9. atferrari

    atferrari Well-Known Member

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    The punching system did not work for me because I never got a single really round piece of claded board. I found that cutting discarded/used pieces of stripboard you get something that has a shape and size more or less regular. Not the best, I admit but is what I found handy.

    This video could give you some ideas. I like those circular islands.
     
  10. throbscottle

    throbscottle Well-Known Member

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    How about using a plug cutter? They are made for woodworking, but could make circles like you want - in various sizes, too!
     
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  11. atferrari

    atferrari Well-Known Member

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    Yes, I have to look for them.
     
  12. dr pepper

    dr pepper Well-Known Member Most Helpful Member

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    I just picked up a enormous rear projection telly, I'll be busy salvaging from that.
     
  13. atferrari

    atferrari Well-Known Member

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    Could you show just few pictures?
     
  14. throbscottle

    throbscottle Well-Known Member

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  15. dr pepper

    dr pepper Well-Known Member Most Helpful Member

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    The last one I pulled to bits busted, I'll be a bit more carefull with this lens.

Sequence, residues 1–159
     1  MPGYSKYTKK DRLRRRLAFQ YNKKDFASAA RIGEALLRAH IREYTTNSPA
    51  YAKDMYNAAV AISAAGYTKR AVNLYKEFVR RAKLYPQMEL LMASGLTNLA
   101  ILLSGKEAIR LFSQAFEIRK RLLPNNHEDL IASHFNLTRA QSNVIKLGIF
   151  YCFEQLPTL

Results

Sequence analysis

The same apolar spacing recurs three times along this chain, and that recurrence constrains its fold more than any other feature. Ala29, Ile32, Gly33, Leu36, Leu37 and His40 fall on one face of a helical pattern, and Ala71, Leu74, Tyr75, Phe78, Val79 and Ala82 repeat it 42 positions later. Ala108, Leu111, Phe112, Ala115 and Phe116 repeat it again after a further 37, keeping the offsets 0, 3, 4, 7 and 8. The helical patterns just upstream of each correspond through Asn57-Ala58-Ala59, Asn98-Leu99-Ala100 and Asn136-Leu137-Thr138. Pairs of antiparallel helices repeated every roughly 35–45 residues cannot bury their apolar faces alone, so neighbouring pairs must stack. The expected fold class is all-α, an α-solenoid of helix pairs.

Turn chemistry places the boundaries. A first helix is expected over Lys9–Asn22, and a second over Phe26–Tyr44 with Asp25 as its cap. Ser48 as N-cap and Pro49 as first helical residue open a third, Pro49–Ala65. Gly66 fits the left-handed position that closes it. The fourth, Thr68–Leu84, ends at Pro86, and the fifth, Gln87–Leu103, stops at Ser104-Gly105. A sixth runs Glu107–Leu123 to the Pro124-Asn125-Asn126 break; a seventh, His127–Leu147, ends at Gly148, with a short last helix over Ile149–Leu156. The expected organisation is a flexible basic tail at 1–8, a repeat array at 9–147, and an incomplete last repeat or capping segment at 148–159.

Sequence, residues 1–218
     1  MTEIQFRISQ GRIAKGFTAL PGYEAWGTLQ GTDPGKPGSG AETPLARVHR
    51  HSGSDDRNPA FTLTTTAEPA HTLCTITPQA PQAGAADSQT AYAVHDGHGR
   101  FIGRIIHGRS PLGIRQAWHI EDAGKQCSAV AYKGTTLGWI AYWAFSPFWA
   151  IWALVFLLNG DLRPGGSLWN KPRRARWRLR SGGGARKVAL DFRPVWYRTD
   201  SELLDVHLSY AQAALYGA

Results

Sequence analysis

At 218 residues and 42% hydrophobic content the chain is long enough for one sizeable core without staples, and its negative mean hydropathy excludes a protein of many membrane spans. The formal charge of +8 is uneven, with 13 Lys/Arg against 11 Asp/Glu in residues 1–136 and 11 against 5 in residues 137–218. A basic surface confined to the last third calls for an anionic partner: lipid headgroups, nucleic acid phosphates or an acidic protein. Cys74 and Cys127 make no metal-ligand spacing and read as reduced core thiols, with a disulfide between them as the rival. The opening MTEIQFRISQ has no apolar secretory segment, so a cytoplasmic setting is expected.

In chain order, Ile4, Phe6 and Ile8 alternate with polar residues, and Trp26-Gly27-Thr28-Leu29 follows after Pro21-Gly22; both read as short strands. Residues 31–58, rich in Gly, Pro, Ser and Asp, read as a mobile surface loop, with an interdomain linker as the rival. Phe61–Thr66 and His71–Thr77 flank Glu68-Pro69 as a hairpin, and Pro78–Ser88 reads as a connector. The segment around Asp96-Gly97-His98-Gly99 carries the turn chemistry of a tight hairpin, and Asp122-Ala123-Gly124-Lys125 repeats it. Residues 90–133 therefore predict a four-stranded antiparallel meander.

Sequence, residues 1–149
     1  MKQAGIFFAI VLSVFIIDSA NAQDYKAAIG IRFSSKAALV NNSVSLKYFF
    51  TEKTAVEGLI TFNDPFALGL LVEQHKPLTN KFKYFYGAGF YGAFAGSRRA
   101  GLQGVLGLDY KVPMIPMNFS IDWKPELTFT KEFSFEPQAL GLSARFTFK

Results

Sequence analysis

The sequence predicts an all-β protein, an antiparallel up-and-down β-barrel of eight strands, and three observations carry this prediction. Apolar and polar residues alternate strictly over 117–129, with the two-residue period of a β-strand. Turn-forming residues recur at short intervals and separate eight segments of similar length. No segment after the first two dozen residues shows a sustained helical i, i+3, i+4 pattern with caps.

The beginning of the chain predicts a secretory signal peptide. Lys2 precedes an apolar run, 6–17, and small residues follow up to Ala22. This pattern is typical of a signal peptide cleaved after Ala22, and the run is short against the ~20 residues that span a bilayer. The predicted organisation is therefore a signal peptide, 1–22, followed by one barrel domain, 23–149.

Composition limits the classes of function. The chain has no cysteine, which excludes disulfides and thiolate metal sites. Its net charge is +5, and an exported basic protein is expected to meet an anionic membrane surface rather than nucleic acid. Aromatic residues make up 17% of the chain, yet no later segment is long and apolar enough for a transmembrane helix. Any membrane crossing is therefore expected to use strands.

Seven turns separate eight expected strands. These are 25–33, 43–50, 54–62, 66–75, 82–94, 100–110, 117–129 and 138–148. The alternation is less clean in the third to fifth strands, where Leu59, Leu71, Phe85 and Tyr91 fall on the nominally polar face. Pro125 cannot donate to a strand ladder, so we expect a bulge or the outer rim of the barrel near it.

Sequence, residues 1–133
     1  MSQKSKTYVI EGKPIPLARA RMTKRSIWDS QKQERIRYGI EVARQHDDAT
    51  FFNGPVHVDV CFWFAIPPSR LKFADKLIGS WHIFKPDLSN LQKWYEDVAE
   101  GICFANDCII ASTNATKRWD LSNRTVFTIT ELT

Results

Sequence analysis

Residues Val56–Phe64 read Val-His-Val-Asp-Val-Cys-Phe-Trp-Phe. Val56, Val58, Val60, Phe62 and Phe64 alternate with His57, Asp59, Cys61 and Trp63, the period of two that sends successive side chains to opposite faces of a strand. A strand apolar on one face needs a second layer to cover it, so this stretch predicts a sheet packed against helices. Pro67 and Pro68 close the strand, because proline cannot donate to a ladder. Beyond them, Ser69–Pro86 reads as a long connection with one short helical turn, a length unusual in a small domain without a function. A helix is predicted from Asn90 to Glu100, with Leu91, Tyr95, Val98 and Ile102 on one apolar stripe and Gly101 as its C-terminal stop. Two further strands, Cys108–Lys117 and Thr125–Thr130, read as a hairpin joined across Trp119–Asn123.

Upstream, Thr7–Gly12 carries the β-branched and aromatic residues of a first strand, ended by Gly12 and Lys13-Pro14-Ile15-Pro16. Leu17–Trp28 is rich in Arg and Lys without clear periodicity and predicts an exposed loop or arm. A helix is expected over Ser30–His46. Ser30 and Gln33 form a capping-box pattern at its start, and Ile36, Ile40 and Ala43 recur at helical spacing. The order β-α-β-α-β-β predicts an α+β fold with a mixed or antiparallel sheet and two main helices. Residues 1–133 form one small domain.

My mrs had the same tv before we were married, one night while we were courting and tucking into our McD's the stupid thing blew up, I ended u[ stripping it so I know what sort of stuff's in there.
    I'll take a couple of pics yes.
     
  16. dr pepper

    dr pepper Well-Known Member Most Helpful Member

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    Wasnt all that exciting, just one ferrite of size and thats probably air gapped as it has one switching trans so it'll be a flyback.
    The optical assy looks interesting, there is only one lopty, it goes through 2 boxes, one probably a distributor/multiplier, not sure what the other one does it has 6 pots on it, maybe its the usual screen/focus one per crt.
    Some high quality lenses in those fittings, I didnt take the fresnel lens or the mirror.
     

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  17. Honduras

    Honduras Member

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    I'm going to try one. I'll let you know.
     
    Last edited: Feb 24, 2015
  18. throbscottle

    throbscottle Well-Known Member

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    I feel the need to eat my words regarding an inventory system, having been hunting for something and discovered things I'd forgotten about! Been having a really dyslexic couple of days, got quite confused. Sigh.
     
  19. Honduras

    Honduras Member

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    You are definitely right about all the hassles involved, but so many times I have ordered an item, then found out that I already had 100 of them.
     
  20. dr pepper

    dr pepper Well-Known Member Most Helpful Member

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    Dont worry about it, I have a stock system where I work and still now and then I order stuff that I allready have 100 off.
    I'm going to skip a load of stuff as its been sat on shelfs so long they are either full of dust and unuseable or the machines they are for are no longer in service.
     
  21. Honduras

    Honduras Member

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    Consider an auction. Anything is better than nothing. :)